*The Greate Invention of Algebra: Thomas Harriot’s Treatise on Equations*, Jacqueline A. Stedall, 2003. 322 pp., illustrations, bibliography, $124.50 cloth. ISB 0-19-852602-4. Oxford University Press, 198 Madison Avenue , New York , NY 10016 . (800) 451-7556.www.oup.com/us/.

Thomas Harriot (c. 1560-1621) is perhaps best remembered as a member of Walter Raleigh’s expedition to Virginia in 1585. He served as navigator and surveyor. But Harriot was an able mathematical scientist versed in astronomy, optics, geometry and algebra, as well as navigation and surveying. Today, mathematics history books usually associate his name with the development of the “greater than” and “less than” symbols.

Although he was a prodigious writer and calculator, he did not publish any of his scientific or mathematical findings during his lifetime. Upon his death, he left over four thousand pages of work to be deciphered. The wide scope and general disorder of these papers have defeated most attempts to organize them for publication. In 1631, a collection of his work appeared under the title Artis analyticae praxis, however, it was not very informative and shed little light on his methods or mathematical insights. In *The* *Greate Invention of Algebra*, Jacqueline Stedall has carefully selected, ordered and translated from the Latin, one hundred forty pages of Harriot’s writings dealing with the structure and solutions of polynomial equations. This cogent collection actually follows its original author’s sequencing and forms the basis of an algebra text, which Stedall has chosen to name Treatise on Equations.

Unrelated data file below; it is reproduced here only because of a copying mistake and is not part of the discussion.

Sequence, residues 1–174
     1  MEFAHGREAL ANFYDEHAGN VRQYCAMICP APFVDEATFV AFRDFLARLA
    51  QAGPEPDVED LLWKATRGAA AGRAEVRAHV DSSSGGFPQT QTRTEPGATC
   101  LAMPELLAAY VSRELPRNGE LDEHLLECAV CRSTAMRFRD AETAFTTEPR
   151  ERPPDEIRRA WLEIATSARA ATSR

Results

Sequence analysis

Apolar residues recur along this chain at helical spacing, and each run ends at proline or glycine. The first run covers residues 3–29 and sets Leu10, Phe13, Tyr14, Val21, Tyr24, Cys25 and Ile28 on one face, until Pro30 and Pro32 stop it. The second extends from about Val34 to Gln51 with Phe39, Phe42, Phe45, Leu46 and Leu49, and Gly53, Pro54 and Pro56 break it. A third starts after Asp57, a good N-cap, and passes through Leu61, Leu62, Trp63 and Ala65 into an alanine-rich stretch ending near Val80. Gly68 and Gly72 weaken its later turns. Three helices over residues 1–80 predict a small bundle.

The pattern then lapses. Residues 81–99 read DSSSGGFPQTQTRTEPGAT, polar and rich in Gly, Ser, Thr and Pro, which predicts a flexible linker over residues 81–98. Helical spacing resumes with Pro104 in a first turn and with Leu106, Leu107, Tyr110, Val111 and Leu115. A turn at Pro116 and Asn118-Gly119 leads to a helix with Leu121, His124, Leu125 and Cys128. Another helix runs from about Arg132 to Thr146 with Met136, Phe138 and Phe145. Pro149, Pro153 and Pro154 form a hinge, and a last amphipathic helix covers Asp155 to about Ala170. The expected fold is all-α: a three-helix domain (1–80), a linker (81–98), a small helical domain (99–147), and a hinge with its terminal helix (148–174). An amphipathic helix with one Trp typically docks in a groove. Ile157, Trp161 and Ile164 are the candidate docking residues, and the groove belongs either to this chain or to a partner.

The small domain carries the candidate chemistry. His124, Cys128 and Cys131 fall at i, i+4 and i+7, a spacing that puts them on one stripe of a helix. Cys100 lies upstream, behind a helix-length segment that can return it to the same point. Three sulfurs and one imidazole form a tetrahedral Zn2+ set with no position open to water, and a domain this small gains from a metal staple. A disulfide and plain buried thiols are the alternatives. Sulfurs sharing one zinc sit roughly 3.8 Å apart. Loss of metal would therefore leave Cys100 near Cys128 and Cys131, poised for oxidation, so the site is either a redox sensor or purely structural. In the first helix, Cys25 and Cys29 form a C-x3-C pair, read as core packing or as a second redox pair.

Harriot’s recognition as a mathematician did not evolve until after his Virginia expedition. By 1593, he was singled out by his associates as a “profounde Mathematician” in the company of his British colleagues Thomas Digges and John Dee. Through the efforts of a fellow mathematician, Nathaniel Torporley, Harriot learned about the work of the Frenchman, François Viète. He built upon Viète’s system of symbolism and introduced some of this own innovations into algebraic exploration. For example, he popularized the use of joined letters, e.g. *ab*, to represent a product (*a* X *b*) and similarly the use of a repeated variable to represent exponentiation, i.e. *aaa* = *a* ^{3}. After Harriot’s death, Torporley was given the task of organizing and publishing his friend’s papers. He failed at this endeavor.

Jacqueline Stedall, in her limited effort, has succeeded, and in doing so she has provided a valuable resource for serious researchers of mathematics history. Her book consists of a brief introduction into the life and work of Thomas Harriot followed by the translation of the Treatise. Facsimiles of some of Harriot’s original pages occasionally punctuate the text. The translation is straightforward – there are no explanatory comments added. The reader must draw his or her conclusions. However, this excerpt of Harriot’s work captures the spirit of mathematical grappling and exploration of the period. A reader is left with a permeating sense of inquiry. ‘If this is the result, what happens if I expand by another factor?’ Three bibliographies support the work. While The Greate Invention of Algebra is an excellent accomplishment, its usefulness will be limited by its scholarly scope and its cost.

Frank J. Swetz, Professor Emeritus, The Pennsylvania State University